Mr. Elubu, Principal State Attorney, opposed the appeal contending that the sentence passed by the Court of Appeal is not illegal and that that court only had corrected the vagueness created by the style of language in which the trial judge imposed the sentence. He distinguished this appeal from the three decisions cited by Mr. Kafuko -Ntuyo.
 

When imposing the sentence the learned trial judge expressed himself this way: -

"Doing the best I can, I deem sentence of 11 years imprisonment period on remand inclusive, appropriate. I sentence him so"

 

In the cases relied on by counsel for the appellant, namely Musisi.Z. Vs Uganda (Criminal Appeal No.9 of 2002) Akwam Vs. Uganda (Criminal Appeal No.14 of 2002) and Kizito Senkula Vs Uganda (Criminal Appeal No.24 of 2001) , (all unreported) , we stated that this mode of sentencing is erroneous and ambiguous in that the trial court in effect sentenced the appellant for the period before the appellant was convicted. We do not think that Clause (8) of Article 23 of the Constitution authorises Courts to impose sentences on accused persons for the period when such persons are still presumed innocent.

In the Court of Appeal, an alternative ground of appeal

relating to sentence stated that: -

" .............. the learned trial judge imposed a sentence which is in the circumstances of the case excessive"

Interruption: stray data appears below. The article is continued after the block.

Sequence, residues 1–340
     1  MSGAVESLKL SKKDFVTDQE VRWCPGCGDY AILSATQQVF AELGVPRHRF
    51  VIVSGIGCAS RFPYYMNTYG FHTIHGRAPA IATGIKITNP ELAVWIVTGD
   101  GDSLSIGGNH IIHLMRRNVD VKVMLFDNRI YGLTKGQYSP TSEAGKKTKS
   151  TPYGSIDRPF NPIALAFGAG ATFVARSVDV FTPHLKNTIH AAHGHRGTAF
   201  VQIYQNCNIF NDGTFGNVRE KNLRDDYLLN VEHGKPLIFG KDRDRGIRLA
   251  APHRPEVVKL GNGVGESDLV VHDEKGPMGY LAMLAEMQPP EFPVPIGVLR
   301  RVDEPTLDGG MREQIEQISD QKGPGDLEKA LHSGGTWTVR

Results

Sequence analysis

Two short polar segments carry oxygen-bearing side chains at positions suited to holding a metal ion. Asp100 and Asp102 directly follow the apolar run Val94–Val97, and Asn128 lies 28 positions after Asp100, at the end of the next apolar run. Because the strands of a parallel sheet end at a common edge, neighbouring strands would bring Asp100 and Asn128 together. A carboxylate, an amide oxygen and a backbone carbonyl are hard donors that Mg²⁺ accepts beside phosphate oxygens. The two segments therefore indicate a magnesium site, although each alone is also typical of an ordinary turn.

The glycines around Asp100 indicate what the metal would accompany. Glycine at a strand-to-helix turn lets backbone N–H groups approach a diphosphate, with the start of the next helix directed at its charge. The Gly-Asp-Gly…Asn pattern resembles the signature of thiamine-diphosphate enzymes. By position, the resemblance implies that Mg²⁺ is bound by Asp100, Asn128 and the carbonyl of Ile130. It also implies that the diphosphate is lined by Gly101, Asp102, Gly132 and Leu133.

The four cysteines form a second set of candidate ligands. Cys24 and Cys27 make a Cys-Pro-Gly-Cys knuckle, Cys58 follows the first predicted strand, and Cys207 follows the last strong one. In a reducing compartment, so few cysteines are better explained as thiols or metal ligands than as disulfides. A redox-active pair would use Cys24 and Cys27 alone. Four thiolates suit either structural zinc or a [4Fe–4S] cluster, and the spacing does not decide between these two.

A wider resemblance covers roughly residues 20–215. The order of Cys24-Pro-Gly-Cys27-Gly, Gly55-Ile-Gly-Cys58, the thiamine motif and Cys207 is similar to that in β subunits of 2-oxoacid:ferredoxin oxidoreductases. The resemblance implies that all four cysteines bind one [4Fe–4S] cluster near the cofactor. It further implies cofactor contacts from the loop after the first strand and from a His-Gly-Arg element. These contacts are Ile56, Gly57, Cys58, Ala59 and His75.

This was followed by a prayer that the sentence be reduced.

During the hearing of the appeal in that Court, although Mr. S.N. Sserwanga, counsel for the appellant, conceded that the sentence of 11 years was not illegal, he contended that the sentence was excessive and that since the appellant had been on remand for 3 years, the sentence be reduced to 7 years. Ms. Betty Khisa, a Principal State Attorney, opposed this. In that regard the issue of sentence was canvassed before the Court of Appeal and the Court expressed its disapproval of the vague manner in which sentence was imposed, observing that: -

"With respect to the learned trial judge, we are unable to appreciate that he could have intended to pass a sentence that included the period the appellant spent on remand. Did he pass a sentence of 11 years or 11 years minus the period spent on remand?"



The Court quoted Clause (8) of Art. 23 of the Constitution which reads: -

 

"Where a person is convicted and sentenced to a term of imprisonment for an offence, any period he or she spends in lawful custody in respect of the offence before the completion of his or her trial shall be taken into account in imposing the term of imprisonment"